The Crusader Newspaper Group


Something very serious is happening to Black women and girls all across America. A recent report on says that currently more than 75,000 girls have gone missing across the country! And according to the Black and Missing Foundation, 64,000 Black women and girls were missing nationwide in 2014. The National Crime Information Center, reported that there were 170,899 missing Black children under 18 in the United States in 2016, more than any other category except for the white/Hispanic – a combined number of 264,443.

What is happening to our children? Where are they, and why isn’t there a greater outcry about this situation? The girls seem to be of all ages, but many of them are at an age where they could be commodities for dark souls who are inclined to participate in their missing status possibly through sex trafficking. But this is just a guess.

One of the missing girls who has been missing for three years lived in the Washington, D.C. area. It is said that she lived in a homeless shelter and was last seen on camera in the company of a janitor, who later killed himself and his wife! The whereabouts of Renisha Rudd, this missing girl, are unknown, and many presume her dead.

Other missing cases have recently occurred, also in the D.C. area. Shaniah Boyd and Chareah Payne have gone missing, and there are many others from previous years. What is happening to these girls? In the case of D.C., according to, D.C. officials said that the majority of cases had been resolved with the exception of 5 percent, representing 37 girls and women. Of the 37, all were Black and Latina. This trend is not unique to D.C. Black women and girls represent about 7 percent of Americans, but over 35 percent of all missing person cases.

Black and Latina women and girls are not the only ones missing in America. But this problem is disproportionately affecting the Black and Brown communities. Some people are implying that there is a resurgence of slavery, or that the girls are snatched up for the sake of sex trafficking. Others point to the idea of organ harvesting as a motivation.

The truth of the matter is that until recently, no one seemed to care very much about the whereabouts of these women and girls except their families, or if they did, they didn’t know what to do about it. Fortunately, Chanel Dickerson, a commander of the Washington Metropolitan Police Department, launched a Twitter hashtag #MissingDCGirls which gained a lot of traction on social media. As a result, a group of congresswomen has taken the lead in dealing with the crisis of missing Black and Brown women and girls. They have demanded that the FBI and the Justice Department dedicate funds and develop policies to address the problem.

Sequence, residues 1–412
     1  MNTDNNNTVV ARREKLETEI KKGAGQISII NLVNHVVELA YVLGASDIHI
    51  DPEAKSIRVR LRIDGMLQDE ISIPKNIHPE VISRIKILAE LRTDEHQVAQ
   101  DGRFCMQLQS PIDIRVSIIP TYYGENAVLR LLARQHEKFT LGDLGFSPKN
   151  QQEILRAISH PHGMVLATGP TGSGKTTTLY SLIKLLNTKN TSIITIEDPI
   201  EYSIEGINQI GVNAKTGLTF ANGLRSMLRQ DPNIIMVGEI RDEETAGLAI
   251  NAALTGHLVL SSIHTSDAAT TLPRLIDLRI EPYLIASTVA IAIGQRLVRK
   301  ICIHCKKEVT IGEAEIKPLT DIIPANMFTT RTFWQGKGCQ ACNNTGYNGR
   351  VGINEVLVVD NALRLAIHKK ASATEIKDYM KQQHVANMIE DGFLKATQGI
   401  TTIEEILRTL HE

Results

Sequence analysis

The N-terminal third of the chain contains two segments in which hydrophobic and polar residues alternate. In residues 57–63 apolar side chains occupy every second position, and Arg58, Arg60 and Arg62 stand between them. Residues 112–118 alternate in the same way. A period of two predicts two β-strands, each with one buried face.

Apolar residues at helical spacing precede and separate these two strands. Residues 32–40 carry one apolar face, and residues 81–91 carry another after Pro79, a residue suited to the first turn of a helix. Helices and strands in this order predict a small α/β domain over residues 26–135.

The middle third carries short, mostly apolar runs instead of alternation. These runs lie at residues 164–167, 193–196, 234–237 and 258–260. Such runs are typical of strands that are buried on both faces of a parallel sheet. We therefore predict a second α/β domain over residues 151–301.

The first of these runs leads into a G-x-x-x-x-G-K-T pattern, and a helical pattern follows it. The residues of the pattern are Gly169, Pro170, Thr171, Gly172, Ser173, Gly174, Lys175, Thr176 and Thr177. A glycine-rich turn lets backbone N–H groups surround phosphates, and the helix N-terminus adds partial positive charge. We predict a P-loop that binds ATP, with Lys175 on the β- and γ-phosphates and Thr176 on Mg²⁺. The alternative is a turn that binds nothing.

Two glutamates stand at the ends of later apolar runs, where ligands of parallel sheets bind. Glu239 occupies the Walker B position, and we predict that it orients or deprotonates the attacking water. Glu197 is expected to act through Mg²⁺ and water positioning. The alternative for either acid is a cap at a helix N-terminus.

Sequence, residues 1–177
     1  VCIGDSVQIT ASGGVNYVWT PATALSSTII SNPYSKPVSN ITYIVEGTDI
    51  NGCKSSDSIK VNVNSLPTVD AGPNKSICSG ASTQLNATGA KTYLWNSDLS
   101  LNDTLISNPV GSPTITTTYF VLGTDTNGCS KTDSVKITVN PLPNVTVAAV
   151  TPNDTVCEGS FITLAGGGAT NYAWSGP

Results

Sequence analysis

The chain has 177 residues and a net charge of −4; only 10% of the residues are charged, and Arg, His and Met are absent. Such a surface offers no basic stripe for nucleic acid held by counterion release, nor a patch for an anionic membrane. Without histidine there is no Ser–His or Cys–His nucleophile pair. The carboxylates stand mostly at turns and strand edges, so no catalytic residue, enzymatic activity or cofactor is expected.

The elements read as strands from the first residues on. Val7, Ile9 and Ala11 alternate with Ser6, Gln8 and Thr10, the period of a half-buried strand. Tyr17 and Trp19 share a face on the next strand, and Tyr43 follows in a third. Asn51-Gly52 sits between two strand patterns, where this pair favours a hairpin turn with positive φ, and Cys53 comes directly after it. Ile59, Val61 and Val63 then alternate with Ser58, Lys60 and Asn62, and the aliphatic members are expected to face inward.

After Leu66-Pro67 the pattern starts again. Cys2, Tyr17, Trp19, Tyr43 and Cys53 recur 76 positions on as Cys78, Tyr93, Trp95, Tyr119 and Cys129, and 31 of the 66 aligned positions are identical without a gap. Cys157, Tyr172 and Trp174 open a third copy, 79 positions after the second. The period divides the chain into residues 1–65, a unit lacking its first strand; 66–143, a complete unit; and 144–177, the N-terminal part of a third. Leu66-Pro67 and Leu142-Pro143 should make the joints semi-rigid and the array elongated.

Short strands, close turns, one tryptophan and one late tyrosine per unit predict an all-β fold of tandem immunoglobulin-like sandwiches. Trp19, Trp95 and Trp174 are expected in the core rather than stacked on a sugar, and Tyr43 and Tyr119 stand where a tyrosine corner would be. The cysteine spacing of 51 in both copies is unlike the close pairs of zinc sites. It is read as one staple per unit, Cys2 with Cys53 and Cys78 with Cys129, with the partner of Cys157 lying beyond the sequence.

How can communities of color fight this problem? One of the first things that we can do is to begin to value the lives of women and girls to a greater extent than what seems to be evident today. We can highlight how alleged sexual predators, from Jeffrey Epstein, Bill Cosby, R. Kelly, and up to our president of the United States, have shown a disdain for them and let them know that we have their backs. Regarding the aforementioned, most of them are being held accountable now, but it took years for people to come to the realization that something must be done. This shows progress. Furthermore, we must initiate aggressive search campaigns around those who are missing. We must teach our children how to avoid strangers, strange places, and to stay clear of parked vehicles, especially vans, that could serve as an abduction scenario.

Finally, it must be said that some of those missing people, especially the teens, might be run-aways. This can’t be discounted. In this regard, we must encourage families to open lines of communication between our girls and family members so that they will be more willing to share their hopes and fears. We must teach our girls about pitfalls that might await them in the streets. We must reinforce our love for them up to the point that it serves as a barrier to any outside forces that might beckon them. We must encourage law enforcement and community residents to uplift the status of women and girls and to avoid taking them for granted. And we must let girls and women know that they are well thought of and exist in the womb of family and community protection. A Luta Continua.

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